The reading was great – I felt very welcomed by Garth and the other wonderful folks at the bookstore. The best part was sharing the stage (and a fantastic Sauvignon Blanc by Régis Minet before the reading) with Gary Whited, one of those really fine, gentleman poets who remind me that I need to work harder and dig deeper with my own poetry. He read from his collection, Having Listened, and had me hooked by the second line: “Meadowlark on barbed wire, yellow breasted door opens with its song.”
The rest of the weekend was full of visiting with some great writers – enjoying their words and energy, eating too much good food, drinking just the right amount of good wine and sitting in the window sill in our 5th floor room listening to a street piano-player (only in Missoula) plink out a song to the night.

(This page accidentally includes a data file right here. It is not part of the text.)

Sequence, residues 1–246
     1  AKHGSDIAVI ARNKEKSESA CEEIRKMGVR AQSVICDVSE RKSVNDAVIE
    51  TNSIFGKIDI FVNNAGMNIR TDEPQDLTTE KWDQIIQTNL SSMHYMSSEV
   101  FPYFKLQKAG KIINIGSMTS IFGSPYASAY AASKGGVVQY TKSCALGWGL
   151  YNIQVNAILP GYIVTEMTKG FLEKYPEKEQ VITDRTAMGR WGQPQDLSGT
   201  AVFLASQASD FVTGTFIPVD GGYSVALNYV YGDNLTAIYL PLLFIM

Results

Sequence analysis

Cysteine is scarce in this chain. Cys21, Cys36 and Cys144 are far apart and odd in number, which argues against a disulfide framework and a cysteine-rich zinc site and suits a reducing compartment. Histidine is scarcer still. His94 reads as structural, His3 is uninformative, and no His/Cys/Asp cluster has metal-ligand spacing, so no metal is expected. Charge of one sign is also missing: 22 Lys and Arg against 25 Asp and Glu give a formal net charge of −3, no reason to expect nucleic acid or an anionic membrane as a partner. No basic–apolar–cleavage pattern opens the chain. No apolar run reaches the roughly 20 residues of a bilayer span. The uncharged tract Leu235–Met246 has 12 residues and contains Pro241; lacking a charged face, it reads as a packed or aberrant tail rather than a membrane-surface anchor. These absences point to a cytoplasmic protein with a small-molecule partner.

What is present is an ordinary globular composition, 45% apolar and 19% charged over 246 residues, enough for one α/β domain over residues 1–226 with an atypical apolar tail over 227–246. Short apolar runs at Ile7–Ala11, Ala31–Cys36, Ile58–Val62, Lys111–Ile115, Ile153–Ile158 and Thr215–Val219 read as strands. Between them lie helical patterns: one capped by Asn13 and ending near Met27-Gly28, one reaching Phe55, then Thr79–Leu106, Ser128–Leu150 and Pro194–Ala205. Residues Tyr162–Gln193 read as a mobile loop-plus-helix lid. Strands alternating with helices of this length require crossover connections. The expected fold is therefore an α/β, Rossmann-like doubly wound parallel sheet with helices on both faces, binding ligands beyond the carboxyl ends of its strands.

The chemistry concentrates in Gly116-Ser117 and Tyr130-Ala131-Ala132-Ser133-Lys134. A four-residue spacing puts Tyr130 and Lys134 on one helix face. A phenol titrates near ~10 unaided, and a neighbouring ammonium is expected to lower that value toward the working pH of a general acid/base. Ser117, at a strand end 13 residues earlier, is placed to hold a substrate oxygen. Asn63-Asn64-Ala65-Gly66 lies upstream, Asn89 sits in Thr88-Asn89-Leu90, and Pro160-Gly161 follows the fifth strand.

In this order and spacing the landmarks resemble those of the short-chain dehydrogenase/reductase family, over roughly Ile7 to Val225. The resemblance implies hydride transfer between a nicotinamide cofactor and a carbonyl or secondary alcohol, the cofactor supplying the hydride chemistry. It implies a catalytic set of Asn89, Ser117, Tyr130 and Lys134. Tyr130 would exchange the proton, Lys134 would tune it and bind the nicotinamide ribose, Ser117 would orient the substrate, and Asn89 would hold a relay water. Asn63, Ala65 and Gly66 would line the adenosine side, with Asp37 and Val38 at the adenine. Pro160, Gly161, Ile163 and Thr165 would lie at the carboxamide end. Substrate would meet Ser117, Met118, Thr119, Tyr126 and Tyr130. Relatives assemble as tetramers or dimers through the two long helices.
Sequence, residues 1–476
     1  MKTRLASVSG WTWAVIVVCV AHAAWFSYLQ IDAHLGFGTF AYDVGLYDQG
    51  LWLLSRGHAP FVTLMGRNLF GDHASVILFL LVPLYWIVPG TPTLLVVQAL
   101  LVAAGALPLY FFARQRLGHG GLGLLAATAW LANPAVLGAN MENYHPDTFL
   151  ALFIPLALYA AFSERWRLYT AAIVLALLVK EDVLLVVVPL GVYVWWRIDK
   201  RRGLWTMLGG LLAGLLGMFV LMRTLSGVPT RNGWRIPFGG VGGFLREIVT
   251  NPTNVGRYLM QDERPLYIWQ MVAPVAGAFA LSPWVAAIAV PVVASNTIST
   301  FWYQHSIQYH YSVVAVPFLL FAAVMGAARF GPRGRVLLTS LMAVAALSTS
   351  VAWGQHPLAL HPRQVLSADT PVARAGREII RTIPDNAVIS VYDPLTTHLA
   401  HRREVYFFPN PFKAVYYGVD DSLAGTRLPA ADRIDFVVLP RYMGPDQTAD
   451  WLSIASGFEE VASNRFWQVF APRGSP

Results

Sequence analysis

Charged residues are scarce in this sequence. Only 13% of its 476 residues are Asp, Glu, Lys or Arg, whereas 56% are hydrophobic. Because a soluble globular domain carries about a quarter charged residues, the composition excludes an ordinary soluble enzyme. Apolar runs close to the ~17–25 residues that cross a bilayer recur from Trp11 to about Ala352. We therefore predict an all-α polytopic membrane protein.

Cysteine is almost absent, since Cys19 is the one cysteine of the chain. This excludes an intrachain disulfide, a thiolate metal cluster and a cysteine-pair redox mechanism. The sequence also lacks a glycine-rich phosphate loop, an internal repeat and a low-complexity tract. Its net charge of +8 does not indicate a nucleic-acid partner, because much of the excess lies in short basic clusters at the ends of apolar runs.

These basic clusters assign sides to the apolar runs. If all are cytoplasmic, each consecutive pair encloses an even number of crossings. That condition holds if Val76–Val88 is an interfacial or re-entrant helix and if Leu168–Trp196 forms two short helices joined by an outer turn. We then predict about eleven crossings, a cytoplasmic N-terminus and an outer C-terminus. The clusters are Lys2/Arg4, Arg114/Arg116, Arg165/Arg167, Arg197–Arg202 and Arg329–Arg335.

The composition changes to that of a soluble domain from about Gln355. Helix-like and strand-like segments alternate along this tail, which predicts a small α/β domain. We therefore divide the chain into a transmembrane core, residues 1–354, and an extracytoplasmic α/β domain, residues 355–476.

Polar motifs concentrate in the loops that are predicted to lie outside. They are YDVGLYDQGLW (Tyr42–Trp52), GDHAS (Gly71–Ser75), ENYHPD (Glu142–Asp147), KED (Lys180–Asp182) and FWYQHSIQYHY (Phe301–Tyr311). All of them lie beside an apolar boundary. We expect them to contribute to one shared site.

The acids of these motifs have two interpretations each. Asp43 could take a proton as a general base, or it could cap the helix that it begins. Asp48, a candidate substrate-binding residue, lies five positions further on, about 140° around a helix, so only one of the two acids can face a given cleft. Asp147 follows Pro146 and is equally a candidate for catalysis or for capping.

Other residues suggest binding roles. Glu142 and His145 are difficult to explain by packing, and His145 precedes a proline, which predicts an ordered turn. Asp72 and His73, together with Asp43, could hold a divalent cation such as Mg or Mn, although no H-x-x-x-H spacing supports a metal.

taps stars in the night sky
composed by Galileo
On the way home, we took Montana Highway 1, aka the Pintler Scenic Route, a relaxing cruise through towns like Hall and Maxville and on into Philipsburg where we enjoyed the elixers offered by the Philipsburg Brewing Company and caught a bad-ass, down-home blues set by SmokeStack and the Foothill Fury.
Near its terminus at I-90, Highway 1 rolls through Anaconda and Opportunity, past the Anaconda Smelter Stack. This 585 foot tall structure, capable, when it was in use, of spewing out three to four million cubic feet per minute of toxic gas, is the tallest free standing masonry structure in the world. The Washington Monument could fit inside it. That’s about the best metaphor for American capitalism I can imagine.
I always get a graveyard chill passing these places. Brad Tyer’s fine book, Opportunity, Montana: Big Copper, Bad Water, and the Burial of an American Landscape, explains why. Here’s the trailer: